Not long ago it occurred to me that I had always been drawn to urban parks and other “designed” green spaces.
I was intrigued by how these spaces are used by people for various purposes and how the spaces worked within the infrastructure that surrounds them. Many of these spaces are decades – or even centuries – old. Others are newly created. But in every case they are the creations of landscape designers. At least in part.
During one particular visit to Glacier National Park, I started to think about who created these parks and what methods they used. Soon I realized that there was a common thread that bound the visionaries of both types of parks.
Just as National Park builders created roadways, paths and hiking trails to guide us to the greatest vistas, the urban park designers used similar methods to guide their visitors.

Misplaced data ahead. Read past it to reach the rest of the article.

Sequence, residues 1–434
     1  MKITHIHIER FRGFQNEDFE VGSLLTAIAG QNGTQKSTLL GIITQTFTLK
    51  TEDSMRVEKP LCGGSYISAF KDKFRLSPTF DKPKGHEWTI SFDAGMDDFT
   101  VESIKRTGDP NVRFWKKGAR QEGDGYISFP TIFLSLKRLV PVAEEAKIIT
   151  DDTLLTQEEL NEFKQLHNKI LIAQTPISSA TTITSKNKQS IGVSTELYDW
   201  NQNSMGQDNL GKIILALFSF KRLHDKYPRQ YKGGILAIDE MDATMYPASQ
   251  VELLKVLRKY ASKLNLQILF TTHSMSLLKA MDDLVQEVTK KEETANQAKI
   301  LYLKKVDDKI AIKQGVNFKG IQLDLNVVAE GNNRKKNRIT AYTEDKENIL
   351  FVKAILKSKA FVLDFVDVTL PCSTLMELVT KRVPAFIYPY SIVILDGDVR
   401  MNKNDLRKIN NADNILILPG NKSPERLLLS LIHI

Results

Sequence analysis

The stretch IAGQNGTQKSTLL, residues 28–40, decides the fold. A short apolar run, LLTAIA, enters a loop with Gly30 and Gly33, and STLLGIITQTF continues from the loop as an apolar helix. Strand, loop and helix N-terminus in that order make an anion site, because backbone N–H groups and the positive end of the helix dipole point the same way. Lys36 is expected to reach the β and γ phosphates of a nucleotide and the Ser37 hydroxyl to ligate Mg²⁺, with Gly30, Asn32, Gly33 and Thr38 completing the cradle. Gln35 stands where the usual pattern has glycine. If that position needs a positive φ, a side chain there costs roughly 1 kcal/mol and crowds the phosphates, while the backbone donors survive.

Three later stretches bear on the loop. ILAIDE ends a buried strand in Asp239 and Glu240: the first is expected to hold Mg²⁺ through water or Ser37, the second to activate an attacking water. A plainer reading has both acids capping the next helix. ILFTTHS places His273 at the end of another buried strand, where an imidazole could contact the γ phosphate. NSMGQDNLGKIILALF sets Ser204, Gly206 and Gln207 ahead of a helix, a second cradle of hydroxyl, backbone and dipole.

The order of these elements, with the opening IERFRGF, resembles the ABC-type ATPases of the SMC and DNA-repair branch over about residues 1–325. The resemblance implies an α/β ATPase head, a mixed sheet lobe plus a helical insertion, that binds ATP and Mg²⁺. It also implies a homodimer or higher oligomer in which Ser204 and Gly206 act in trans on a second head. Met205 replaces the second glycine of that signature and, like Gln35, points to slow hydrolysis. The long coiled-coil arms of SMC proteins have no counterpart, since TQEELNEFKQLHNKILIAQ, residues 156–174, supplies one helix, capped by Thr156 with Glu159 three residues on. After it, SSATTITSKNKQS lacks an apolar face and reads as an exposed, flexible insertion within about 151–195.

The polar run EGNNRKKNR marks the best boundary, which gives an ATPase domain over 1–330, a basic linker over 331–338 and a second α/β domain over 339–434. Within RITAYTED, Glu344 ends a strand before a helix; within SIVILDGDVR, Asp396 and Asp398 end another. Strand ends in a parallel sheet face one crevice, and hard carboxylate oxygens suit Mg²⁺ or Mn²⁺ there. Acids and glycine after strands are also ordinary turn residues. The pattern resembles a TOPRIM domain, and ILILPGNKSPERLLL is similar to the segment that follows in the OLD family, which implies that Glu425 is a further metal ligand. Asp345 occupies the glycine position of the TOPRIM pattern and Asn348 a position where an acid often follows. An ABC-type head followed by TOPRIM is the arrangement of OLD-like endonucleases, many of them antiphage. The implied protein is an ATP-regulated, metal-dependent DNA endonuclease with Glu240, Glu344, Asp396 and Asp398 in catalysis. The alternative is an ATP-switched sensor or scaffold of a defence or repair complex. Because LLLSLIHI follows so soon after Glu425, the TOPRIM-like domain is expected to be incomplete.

Around this time, I read a biography of the great landscape architect Frederick Law Olmsted. And because here in Boston (and in nearby NYC) we have so many examples of his work, I decided I wanted to photograph his parks.
But I didn’t want to repeat the work of so many other photographers who have captured these spaces. I wanted to try a fresh approach: to distill those key images from the Olmsted Parks today that might have been most relevant to Olmsted himself if he were here now.
So as I approached the Olmsted project, one fueled by my huge passion for capturing landscapes, I found inspiration by asking myself, “What roads and pathways and vistas would he most want us to see?” And “Where would he have placed his camera?”
Of course, impossible to know over a hundred years later and with a hundred years of park evolution – but most certainly a fun and rewarding endeavor.
- Thomas Magno